I have also seen this reported as it works locally but not when deployed. The problem was an API call with a JWT which returned 200 on staging but 401 in production with the same token.

Fortunately, the curse of the Developer machine was not present because some code worked fine on staging but not in production - two much cleaner environments.

The only difference there should be is that staging is a single server whereas production is 6 servers behind Cloudflare and a load balancer. All config is the same. A quick call from Postman (thank goodness it was an API issue!) direct to one of the production servers immediately removed Cloudflare and the load balancer as culprits.

You might not realise but logging is really important! We had Application Insights wired up but were not logging what was causing the 401 to occur. I also realised that both auth handlers returned the same name for "realm" in the www-authenticate header so I changed one just to make it obvious that we definitely failed in the JWT handler.

I also added a simple call to appInsights.TrackException() if the token fails validation for any reason. I wouldn't normally log this because it can generate noise but why not?

I then saw a very scary exception logged in App Insights for production:

The system cannot find the file specified.

Inner exception Internal.Cryptography.CryptoThrowHelper+WindowsCryptographicException handled at System.Threading.Tasks.Task.ThrowIfExceptional: at Internal.Cryptography.Pal.CertificatePal.FilterPFXStore
at Internal.Cryptography.Pal.CertificatePal.FromBlobOrFile
at System.Security.Cryptography.X509Certificates.X509Certificate..ctor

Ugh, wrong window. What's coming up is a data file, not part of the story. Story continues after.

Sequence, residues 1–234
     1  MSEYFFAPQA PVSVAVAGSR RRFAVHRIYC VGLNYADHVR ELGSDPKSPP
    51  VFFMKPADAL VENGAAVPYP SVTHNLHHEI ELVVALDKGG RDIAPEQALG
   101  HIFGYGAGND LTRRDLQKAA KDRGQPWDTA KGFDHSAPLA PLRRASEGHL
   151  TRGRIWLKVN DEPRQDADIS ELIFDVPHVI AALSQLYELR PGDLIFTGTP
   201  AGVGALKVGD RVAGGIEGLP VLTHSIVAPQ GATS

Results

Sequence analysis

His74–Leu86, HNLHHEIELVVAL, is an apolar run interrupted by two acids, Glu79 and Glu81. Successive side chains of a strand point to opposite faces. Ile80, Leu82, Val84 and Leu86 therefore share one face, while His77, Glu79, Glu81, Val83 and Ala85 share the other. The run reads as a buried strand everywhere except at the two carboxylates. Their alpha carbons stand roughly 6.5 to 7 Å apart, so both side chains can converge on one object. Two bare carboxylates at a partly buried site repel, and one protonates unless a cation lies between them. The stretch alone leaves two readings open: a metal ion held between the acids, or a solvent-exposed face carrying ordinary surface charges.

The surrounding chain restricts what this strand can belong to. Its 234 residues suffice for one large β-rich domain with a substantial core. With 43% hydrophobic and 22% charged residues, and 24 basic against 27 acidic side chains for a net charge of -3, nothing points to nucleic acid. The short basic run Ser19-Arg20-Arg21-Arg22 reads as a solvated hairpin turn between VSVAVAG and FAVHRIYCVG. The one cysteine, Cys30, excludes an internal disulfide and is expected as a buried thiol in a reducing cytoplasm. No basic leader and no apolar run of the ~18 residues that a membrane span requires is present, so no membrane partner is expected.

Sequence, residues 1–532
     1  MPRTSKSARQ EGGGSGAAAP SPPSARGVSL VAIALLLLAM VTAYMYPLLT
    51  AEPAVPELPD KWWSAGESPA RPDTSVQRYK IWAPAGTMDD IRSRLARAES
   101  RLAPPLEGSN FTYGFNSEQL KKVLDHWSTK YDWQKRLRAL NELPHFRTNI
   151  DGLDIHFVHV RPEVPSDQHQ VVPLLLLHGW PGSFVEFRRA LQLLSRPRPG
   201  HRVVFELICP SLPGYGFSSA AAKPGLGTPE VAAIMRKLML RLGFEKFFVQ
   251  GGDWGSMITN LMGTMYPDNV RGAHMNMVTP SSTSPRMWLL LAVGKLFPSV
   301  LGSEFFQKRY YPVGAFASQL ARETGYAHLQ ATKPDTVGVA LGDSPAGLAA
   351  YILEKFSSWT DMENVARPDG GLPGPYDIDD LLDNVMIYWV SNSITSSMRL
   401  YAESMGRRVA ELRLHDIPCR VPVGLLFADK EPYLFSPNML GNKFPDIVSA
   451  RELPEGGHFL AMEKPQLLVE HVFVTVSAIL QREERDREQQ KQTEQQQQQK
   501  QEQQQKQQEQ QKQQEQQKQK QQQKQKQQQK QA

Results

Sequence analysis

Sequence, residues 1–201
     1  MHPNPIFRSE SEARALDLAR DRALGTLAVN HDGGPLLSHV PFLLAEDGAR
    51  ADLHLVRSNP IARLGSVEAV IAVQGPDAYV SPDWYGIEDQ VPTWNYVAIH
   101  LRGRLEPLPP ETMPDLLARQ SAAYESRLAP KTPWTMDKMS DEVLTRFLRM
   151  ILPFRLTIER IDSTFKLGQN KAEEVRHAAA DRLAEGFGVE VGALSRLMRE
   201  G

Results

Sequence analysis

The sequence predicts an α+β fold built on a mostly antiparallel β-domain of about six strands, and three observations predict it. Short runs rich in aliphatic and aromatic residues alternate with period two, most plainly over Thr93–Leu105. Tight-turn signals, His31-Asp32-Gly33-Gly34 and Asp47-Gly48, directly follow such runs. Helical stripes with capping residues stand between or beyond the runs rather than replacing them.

t System.Security.Cryptography.X509Certificates.X509Certificate2..ctor
at API.Core.Auth.JwtBearerTokenAuthenticationHandler+

Why so weird? Well why is it trying to read any file and why does it work in one environment and not another.

I hate stuff like this. A combination of internal implementation details and a question of what a file has to do with it coupled with the bland error message? Fortunately, I could easily verify that my code was definitely retrieiving the key from Azure and passing it to X509Certificate2 constructor as the only parameter so definitely a problem with the platform.

There were some similar errors logged online which related to deploying to Azure and certain permissions. This didn't seem relevant but we compared the App Pool identity on the staging and production systems and found, funnily enough, that staging (which was working) had "Load User Profile" set to false in the advanced app pool settings. This rang a bell because this was the fix for Azure deployments also.

So apparently, even when loading certificates from a blob, Windows connects to the local certificate store (for some reason!) but if it doesn't have permission, it throws an error implying a file could not be found and doesn't tell you what the file is or that it doesn't have permission, either of which might have helped. By not loading the user profile, you are running as the local machine which means you are allowed to access the local machine key store (something like that anyway!)